This season was going to be different. Not only was Mike Moustakas entering the 2014 season as a best-shaper, but if you read through that link, he put in an inordinate amount of time to fix a swing which at one point in his career was thought to be a sure thing. Spring training arrived and all Moustakas did was hit .429/.522/.768 with four home runs, seven doubles, and 18 RBI through 24 games. He even stole a base. No, this season would be different.
And then by the latter part of April, I was arguing on Twitter whether Moustakas had zero line drives or if he actually, indeed, had one of them. In over 60 plate appearances. One line drive. Zero line drives. Either way, yeeks.
By the middle part of May, Moustakas was dropped to the ass-end of the batting order, and on May 20th he was hitting .152/.223/.320, and the Royals finally shipped him back to Omaha. There, during the proverbial take-a-breath, simplify-the-game, back-to-basics “break time”, Moose slashed .355/.412/.548 over 34 plate appearances. He credited the ability to work again with Tommy Gregg, the hitting coach that helped him produce some of the gaudy numbers back when he was just barely able to hit the bar after the game.
Fantasy ballers weren’t buying any of it, of course — and rightly so. Because you don’t have to go too far up taking a birds eye view to see that as a major leaguer, Mike Moustakas stinks. Over 1700+ plate appearances, Moustakas has hit .235/.289/.381. In the last four years, among all third basemen with at least 1500 plate appearances, he has the worst wRC+ and wOBA and it’s not even close. So why am I talking to you about Mike Moustakas then, you ask. Because since his return, it’s not like he’s hitting much better — slashing .214/.276/.429.
For a 25 year old blue chipper, I suppose I allow for a longer leash. Maybe it’s the Chris Davis effect. No, I’m not going out and throwing Moustakas on any of my fantasy teams, but over the month of June, it might be fair to say that Moustakas has hit differently, if you will.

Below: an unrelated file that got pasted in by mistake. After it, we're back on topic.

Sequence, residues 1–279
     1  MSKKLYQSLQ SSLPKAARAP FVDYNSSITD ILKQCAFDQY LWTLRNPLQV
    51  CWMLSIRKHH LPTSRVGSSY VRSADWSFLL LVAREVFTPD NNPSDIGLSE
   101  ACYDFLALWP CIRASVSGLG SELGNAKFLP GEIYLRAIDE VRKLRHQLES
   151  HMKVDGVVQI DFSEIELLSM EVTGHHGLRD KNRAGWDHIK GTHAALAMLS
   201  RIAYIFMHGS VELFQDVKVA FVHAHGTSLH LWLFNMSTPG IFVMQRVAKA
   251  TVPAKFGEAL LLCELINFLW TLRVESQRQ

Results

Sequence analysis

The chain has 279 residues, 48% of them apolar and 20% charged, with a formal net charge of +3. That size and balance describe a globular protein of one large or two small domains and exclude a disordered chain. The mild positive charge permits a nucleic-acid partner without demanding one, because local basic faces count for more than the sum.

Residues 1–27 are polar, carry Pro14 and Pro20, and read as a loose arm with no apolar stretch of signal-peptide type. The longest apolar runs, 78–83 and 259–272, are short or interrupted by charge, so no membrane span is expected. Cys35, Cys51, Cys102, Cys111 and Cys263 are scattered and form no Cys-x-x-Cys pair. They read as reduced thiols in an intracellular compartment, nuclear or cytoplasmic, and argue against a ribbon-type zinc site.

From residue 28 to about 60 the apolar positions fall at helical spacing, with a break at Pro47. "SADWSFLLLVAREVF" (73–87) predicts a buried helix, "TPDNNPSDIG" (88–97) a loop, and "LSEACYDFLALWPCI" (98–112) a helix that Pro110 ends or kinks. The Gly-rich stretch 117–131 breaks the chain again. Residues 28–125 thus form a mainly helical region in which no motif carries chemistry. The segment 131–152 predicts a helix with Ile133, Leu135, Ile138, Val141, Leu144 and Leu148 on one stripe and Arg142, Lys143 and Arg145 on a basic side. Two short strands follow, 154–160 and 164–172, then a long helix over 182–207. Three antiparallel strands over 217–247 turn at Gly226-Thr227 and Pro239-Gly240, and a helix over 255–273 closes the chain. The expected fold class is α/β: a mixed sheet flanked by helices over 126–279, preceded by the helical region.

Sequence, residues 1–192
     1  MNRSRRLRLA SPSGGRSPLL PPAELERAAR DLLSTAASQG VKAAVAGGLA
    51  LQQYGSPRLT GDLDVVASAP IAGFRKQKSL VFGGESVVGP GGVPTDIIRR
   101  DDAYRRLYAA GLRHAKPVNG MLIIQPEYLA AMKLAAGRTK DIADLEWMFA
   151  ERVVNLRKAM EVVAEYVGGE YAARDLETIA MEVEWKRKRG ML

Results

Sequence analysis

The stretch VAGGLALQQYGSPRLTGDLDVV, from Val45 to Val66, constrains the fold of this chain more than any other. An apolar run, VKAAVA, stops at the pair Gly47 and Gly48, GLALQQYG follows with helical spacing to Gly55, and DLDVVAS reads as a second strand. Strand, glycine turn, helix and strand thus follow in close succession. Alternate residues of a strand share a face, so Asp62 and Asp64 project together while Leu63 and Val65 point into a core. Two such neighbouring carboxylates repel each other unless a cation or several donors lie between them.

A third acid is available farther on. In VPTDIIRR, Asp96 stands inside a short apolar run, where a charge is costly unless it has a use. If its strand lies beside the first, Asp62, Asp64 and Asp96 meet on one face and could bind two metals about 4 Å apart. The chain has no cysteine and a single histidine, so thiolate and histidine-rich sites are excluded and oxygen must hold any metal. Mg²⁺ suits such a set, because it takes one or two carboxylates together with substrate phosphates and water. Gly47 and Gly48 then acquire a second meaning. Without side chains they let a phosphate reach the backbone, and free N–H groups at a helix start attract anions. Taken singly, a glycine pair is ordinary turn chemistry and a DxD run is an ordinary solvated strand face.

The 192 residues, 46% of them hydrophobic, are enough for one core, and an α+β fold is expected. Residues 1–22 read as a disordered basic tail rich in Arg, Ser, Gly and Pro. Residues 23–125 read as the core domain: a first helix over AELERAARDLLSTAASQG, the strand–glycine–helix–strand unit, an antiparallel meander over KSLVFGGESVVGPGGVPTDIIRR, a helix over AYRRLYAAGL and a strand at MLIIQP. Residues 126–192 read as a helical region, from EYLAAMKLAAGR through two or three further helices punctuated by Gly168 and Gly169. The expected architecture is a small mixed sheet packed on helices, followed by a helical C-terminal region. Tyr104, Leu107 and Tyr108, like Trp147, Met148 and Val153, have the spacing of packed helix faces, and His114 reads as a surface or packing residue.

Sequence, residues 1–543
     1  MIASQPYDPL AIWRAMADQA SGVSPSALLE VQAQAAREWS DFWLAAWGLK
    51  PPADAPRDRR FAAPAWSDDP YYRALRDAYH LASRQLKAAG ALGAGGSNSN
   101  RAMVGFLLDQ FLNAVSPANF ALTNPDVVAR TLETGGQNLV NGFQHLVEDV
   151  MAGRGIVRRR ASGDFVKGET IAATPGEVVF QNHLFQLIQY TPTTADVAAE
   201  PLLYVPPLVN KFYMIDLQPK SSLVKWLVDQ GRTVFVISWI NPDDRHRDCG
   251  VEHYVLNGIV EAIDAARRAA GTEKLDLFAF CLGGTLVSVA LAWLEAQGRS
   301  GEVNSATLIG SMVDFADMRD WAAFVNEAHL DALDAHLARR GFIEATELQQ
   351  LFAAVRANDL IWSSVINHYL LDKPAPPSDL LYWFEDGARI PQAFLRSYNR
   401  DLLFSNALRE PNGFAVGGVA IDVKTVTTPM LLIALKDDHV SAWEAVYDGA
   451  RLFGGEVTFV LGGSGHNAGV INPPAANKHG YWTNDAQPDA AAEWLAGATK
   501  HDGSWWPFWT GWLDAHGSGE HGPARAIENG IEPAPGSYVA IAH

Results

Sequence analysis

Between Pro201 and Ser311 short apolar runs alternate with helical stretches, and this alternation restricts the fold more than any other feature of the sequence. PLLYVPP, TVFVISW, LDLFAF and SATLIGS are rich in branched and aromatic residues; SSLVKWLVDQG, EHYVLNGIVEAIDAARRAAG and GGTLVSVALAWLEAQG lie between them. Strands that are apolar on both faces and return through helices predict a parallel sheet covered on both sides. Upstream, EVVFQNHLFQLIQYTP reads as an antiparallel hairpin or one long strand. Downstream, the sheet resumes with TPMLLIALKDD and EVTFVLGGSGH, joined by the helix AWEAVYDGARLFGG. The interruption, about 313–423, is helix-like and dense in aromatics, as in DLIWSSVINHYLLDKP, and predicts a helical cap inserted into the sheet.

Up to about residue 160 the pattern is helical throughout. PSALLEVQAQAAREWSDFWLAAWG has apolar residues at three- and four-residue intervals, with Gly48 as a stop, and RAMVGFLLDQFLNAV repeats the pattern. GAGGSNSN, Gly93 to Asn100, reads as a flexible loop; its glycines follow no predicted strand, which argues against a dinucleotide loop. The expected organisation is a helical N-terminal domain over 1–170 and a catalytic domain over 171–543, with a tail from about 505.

Since returning on June 1, Moustakas has cut his strikeout rate to 11.7% and despite the small sample, the eyeball test seems to suggest he’s attempting to be more patient at the plate. Looking at his swing rate, since his return, he’s pretty clearly been trying to lay off of pitches down in the zone and to a lesser extent, pitches away. The trade off is he’s offering far more on pitches in although with such a ridiculously small sample size, that could change in a day.
This of course isn’t a recipe for success, but it’s different. And frankly, it seems like some sort of progress.
Using the Brooks Baseball results and averages by category tool where they break down the pitches in “Hard, Breaking, Offspeed” categories, there has been a change in results since his recall as well.
This is before:
And after recall:
The good news is Moustakas is hitting for better average and power on breaking and offspeed pitches. The bad news is he still really can’t hit a fastball. But again, it’s different, and lends itself towards the notion that he’s trying to make a change in his approach.
This doesn’t add up to a recommendation of any kind beyond “keep an eye on him”. Moustakas still has all sorts of trouble hitting with consistency, but he’s young and has a long history of success in the minor leagues so it’s hard to completely write him off from a prospect perspective. He’s not likely to hit for average and he’s probably always going to be susceptible to the dreaded shift. But most of his value, from a fantasy perspective, is wrapped up in his ability to hit home runs and I’m not entirely sure that book is closed.
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